(c)

The district attorney of the county in which the person’s driving privileges were revoked shall be named and served as the respondent in the petition.

(3)

The court shall hold a hearing on a petition filed in accordance with subsection (2) of this section. In determining whether to grant the petition, the court shall consider:

(a)

The nature of the offense for which driving privileges were revoked.

(b)

The degree of violence involved in the offense.

(c)

Other criminal and relevant noncriminal behavior of the petitioner both before and after the conviction that resulted in the revocation.

(d)

The recommendation of the person’s parole officer, which shall be based in part on a psychological evaluation ordered by the court to determine whether the person is presently a threat to the safety of the public.

(e)

Any other relevant factors.

(4)

The court shall order a petitioner’s driving privileges restored if, after a hearing described in subsection (3) of this section, the court finds by clear and convincing evidence that the petitioner:

(a)

Is rehabilitated;

(b)

Does not pose a threat to the safety of the public; and

(c)

If the sentence for the crime for which the petitioner’s driving privileges were revoked required the petitioner to complete an alcohol or drug treatment program, has completed an alcohol or drug treatment program in a facility approved by the Director of the Oregon Health Authority or a similar program in another jurisdiction.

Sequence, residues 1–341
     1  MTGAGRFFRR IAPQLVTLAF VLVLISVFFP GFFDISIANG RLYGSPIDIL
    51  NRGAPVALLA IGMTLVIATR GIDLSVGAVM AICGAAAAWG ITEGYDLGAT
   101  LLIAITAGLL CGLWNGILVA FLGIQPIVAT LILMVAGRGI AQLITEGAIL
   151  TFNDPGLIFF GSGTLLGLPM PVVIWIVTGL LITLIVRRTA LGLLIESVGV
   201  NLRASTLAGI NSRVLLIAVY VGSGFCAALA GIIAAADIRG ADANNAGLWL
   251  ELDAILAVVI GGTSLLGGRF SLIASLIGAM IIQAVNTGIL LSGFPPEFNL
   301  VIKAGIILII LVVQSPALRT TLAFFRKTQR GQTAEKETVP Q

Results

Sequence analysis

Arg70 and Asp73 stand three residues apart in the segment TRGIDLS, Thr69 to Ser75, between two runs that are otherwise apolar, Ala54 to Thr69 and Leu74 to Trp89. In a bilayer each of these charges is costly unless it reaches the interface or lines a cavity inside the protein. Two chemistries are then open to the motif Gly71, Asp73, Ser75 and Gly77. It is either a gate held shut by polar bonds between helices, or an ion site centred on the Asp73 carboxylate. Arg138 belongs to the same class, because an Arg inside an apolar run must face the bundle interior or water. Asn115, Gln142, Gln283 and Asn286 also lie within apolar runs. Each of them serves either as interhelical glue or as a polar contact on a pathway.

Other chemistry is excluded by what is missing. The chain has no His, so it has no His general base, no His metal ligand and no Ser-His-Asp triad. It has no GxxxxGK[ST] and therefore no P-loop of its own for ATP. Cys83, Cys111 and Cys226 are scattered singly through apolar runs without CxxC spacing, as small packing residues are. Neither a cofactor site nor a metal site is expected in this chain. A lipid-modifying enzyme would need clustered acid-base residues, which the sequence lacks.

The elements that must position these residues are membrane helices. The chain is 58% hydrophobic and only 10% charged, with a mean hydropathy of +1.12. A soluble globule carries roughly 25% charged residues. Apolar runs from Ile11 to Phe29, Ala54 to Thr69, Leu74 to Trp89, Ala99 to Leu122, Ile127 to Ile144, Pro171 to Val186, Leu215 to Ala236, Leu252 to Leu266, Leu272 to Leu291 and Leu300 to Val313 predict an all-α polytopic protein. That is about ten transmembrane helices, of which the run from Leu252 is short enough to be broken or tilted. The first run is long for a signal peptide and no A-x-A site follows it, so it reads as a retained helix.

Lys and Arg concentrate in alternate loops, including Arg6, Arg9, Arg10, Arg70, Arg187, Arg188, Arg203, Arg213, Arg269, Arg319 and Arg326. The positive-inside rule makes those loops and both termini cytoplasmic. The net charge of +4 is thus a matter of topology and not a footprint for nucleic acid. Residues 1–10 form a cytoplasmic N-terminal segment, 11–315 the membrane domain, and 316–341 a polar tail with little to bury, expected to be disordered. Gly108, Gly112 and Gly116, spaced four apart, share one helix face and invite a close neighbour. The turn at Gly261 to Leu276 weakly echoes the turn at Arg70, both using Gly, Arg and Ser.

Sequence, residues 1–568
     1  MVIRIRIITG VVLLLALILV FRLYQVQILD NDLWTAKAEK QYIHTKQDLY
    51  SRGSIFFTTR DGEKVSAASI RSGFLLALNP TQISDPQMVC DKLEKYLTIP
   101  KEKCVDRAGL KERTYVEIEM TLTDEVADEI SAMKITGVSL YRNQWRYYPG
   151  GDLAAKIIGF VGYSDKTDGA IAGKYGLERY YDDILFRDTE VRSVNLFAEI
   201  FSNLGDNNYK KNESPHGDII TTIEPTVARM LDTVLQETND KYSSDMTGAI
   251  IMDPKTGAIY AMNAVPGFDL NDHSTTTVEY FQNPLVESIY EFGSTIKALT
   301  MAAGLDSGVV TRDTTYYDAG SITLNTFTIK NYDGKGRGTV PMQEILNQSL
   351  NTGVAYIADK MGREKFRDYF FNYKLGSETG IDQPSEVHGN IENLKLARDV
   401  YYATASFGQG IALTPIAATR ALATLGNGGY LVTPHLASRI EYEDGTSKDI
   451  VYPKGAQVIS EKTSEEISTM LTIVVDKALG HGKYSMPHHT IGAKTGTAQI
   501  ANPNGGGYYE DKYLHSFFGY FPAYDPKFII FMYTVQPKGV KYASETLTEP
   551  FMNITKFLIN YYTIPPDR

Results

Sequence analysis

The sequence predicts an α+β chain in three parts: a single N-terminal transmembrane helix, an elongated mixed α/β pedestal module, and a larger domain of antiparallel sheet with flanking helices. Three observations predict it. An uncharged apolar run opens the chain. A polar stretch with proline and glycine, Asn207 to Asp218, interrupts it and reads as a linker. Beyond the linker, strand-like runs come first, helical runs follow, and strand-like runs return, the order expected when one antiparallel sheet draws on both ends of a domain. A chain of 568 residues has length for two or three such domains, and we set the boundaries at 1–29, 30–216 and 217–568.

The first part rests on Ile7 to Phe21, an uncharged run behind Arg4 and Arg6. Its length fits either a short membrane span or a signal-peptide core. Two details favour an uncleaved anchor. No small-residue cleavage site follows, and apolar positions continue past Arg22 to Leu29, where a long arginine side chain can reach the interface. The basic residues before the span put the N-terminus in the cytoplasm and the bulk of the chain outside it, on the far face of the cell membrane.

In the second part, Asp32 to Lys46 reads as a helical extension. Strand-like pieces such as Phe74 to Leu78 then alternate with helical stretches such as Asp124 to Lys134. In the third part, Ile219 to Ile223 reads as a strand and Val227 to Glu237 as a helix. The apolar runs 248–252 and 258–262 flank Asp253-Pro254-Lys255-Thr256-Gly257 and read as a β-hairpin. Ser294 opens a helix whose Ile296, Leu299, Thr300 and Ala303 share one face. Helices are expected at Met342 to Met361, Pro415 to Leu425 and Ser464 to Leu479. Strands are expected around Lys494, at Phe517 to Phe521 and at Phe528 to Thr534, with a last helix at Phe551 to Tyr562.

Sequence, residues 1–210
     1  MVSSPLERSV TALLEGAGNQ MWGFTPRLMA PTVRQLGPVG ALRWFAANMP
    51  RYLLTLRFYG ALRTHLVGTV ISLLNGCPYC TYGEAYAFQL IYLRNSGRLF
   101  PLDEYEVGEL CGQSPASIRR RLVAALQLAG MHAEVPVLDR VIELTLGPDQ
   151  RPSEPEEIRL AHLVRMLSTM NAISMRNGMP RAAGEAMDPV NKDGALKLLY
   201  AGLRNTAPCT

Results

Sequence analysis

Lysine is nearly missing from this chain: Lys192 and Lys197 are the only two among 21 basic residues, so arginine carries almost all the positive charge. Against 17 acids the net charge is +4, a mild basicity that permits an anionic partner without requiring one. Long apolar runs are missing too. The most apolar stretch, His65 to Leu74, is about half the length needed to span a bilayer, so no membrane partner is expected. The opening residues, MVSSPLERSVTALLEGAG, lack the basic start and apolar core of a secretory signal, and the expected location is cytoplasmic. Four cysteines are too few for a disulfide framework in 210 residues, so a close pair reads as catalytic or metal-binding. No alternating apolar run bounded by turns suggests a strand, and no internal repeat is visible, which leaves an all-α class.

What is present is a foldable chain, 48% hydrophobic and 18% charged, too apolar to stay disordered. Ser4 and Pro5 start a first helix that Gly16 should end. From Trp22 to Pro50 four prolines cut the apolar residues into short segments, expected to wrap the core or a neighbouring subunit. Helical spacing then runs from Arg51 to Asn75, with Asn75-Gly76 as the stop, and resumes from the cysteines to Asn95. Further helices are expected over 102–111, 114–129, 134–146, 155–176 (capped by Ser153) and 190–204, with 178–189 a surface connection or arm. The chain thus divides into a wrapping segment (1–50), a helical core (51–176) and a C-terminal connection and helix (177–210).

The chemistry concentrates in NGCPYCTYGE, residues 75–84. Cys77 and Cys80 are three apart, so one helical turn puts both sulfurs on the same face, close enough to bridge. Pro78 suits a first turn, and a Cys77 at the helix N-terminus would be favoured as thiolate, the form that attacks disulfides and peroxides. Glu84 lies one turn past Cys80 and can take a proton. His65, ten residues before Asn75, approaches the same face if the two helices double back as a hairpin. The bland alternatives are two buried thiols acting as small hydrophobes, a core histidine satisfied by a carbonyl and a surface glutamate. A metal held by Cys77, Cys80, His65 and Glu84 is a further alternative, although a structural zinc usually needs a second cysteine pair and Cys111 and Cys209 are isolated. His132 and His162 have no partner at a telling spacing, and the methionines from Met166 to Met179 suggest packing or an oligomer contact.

(5)

Upon receiving a court order to restore a person’s driving privileges, the department may reinstate driving privileges in accordance with ORS 809.390 (Period of revocation), except that the department may not reinstate driving privileges of any person whose privileges are revoked under this section until the person complies with future responsibility filings. [1993 c.761 §2; 1995 c.661 §2; 2001 c.786 §1; 2003 c.346 §2; 2003 c.402 §22; 2005 c.436 §1; 2007 c.879 §4; 2009 c.320 §1; 2011 c.355 §12; 2011 c.554 §1; 2017 c.21 §78]

Notes of Decisions

Under Former Similar Statute (Ors 809.410)

License revocation is remedial measure not constituting punishment for underlying offense. Mannelin v. DMV, 176 Or App 9, 31 P3d 438 (2001), aff'd 336 Or 147, 82 P3d 162 (2003)

In General

License revocation is remedial measure not constituting punishment for underlying offense. State v. Vazquez-Escobar, 211 Or App 115, 153 P3d 168 (2007), Sup Ct review denied

Permanent revocation of driving privileges of person convicted of felony while driving under influence of intoxicants or of multiple driving under influence of intoxicants offenses applies to person convicted of felony or offenses while operating bicycle under influence of intoxicants. State v. Abbey, 239 Or App 306, 245 P3d 152 (2010), Sup Ct review denied

Driving under influence of intoxicants conviction under law in effect prior to 1986 adoption of current vehicle code counts as predicate offense for purposes of permanently revoking person's driving privileges. State v. Kellar, 349 Or 626, 247 P3d 1232 (2011)

Conviction for driving under influence of intoxicants under [former] ORS 487.540 is predicate offense for permanent revocation of person's driving privileges under this provision. State v. Danby, 256 Or App 599, 301 P3d 958 (2013), Sup Ct review denied


Source

Last accessed
Jun. 26, 2021